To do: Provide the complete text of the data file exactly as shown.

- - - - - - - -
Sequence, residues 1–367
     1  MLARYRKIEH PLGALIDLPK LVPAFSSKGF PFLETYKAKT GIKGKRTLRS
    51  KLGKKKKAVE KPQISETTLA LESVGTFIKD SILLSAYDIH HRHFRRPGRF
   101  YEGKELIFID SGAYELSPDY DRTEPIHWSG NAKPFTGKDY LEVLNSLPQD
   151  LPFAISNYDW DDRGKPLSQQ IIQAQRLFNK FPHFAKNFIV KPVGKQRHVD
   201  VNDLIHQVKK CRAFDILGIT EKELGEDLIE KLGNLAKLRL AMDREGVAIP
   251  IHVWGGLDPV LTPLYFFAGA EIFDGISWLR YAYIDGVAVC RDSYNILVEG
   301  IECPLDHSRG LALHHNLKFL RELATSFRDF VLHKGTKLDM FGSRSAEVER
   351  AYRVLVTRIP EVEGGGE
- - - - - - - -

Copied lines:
Sequence, residues 1–367
     1  MLARYRKIEH PLGALIDLPK LVPAFSSKGF PFLETYKAKT GIKGKRTLRS
    51  KLGKKKKAVE KPQISETTLA LESVGTFIKD SILLSAYDIH HRHFRRPGRF
   101  YEGKELIFID SGAYELSPDY DRTEPIHWSG NAKPFTGKDY LEVLNSLPQD
   151  LPFAISNYDW DDRGKPLSQQ IIQAQRLFNK FPHFAKNFIV KPVGKQRHVD
   201  VNDLIHQVKK CRAFDILGIT EKELGEDLIE KLGNLAKLRL AMDREGVAIP
   251  IHVWGGLDPV LTPLYFFAGA EIFDGISWLR YAYIDGVAVC RDSYNILVEG
   301  IECPLDHSRG LALHHNLKFL RELATSFRDF VLHKGTKLDM FGSRSAEVER
   351  AYRVLVTRIP EVEGGGE